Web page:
Dr Thomas Wedgwood of Burslem was one of the best of the early salt - glaze potters.
If our increased appreciation and knowledge of Greek and Roman art makes us at times impatient with the mechanical perfection of the works of Wedgwood and his contemporaries, the fault is even more the fault of a nation and a period than that of any individual, however com - manding.
For detailed accounts of his life see Eliza Metyeard, Life of Wedgwood (1865-1866); Jewitt, Life of Wedgwood (1865); Rathbone, Old Wedgwood (1893); Church, Josiah Wedgwood: Master-Potter (1894; new ed., 1903); Burton, History and Description of English Earthenware and Stoneware (1904); J.
Hutton (1868), Ethel Wedgwood (1906), and (more literally) Sir F.
Although every European country was affected by this neo-classical revival it may be claimed that England absorbed it more com - pletely than any other country, for the brothers Adam (the - architects) and Josiah Wedgwood brought it into absolute correspondence with modern tastes and ideas.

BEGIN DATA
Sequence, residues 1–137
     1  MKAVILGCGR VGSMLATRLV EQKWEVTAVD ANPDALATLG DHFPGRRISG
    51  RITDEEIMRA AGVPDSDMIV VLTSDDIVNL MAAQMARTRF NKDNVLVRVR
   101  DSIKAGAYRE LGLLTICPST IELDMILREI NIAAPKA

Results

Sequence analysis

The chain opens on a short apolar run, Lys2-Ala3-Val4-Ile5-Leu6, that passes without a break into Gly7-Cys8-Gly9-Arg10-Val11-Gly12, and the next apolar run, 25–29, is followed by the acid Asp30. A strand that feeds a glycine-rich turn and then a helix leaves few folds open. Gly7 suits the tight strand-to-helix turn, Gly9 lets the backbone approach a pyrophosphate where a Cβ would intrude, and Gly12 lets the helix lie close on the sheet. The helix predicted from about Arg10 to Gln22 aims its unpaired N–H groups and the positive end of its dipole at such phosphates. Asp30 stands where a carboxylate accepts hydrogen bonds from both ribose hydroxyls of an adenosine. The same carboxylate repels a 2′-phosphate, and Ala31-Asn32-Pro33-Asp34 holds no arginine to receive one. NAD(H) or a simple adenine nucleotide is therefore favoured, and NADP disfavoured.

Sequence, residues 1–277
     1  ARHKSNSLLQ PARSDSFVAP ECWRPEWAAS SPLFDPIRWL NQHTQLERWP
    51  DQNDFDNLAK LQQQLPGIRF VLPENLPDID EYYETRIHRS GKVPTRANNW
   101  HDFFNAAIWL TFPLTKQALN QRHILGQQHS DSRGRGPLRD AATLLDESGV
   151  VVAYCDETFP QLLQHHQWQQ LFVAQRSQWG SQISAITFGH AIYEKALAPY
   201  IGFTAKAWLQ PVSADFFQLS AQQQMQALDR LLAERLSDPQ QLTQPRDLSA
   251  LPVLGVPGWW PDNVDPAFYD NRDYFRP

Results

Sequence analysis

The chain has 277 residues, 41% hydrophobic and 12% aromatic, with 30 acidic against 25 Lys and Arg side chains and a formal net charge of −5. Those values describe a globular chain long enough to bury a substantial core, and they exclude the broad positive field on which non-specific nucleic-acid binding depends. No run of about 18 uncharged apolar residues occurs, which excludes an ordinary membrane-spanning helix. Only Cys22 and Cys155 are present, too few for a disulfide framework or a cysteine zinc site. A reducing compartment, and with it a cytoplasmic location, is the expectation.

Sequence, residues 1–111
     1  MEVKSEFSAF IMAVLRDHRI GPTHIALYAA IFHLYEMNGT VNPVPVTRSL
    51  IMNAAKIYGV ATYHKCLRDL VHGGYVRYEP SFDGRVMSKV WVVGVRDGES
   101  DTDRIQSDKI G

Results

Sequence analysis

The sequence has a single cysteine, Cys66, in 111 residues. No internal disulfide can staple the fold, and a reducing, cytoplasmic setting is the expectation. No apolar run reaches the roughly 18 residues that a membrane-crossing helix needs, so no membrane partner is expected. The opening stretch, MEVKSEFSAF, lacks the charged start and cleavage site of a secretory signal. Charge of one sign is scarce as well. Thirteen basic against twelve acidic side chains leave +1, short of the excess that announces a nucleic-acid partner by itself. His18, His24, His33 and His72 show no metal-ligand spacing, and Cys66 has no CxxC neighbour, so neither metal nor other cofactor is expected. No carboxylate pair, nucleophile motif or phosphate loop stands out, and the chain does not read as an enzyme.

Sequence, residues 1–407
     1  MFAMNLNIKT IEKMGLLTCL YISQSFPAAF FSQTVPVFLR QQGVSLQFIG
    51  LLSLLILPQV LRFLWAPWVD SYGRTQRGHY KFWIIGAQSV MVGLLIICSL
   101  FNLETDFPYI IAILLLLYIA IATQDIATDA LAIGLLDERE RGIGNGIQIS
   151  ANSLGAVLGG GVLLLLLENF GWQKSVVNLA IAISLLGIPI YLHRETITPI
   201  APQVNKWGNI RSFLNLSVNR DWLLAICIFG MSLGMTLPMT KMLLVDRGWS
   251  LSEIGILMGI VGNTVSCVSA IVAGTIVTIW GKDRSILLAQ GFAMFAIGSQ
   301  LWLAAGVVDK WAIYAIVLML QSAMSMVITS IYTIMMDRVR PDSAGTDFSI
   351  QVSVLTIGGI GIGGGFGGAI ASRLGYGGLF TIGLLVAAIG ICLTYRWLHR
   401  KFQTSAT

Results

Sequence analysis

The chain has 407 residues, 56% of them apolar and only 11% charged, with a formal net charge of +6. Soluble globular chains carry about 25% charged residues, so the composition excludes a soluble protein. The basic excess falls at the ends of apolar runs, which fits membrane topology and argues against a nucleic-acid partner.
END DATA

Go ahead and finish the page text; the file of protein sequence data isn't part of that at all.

He gave the name of Queen's Ware to his productions of this class, and this judicious royal patronage awarded to a most deserving manufacturer un - doubtedly helped Wedgwood greatly.
Many of Whieldon's apprentices afterwards became noted potters, and there can be little doubt that Wedgwood gained greatly at this period of his life by his association with Whieldon.
He is commemorated by the Wedgwood Institute, founded in 1863.
Here Josiah Wedgwood was born in 1730, his family having practised the manufacture in this locality for several generations, while he himself began work independently at the Ivy House pottery in 1759.
Bentley died in 1780 and Wedgwood remained sole owner of the Etruria works until 1790, when he took some of his sons and a nephew, named Byerley, into partner - ship. He died on the 3rd of January 1795, rich in honours and in friends, for besides being a great potter he was a man of high moral worth, and was associated with many noted men of his time, amongst whom should be mentioned Sir Joseph Banks, Joseph Priestley and Erasmus Darwin.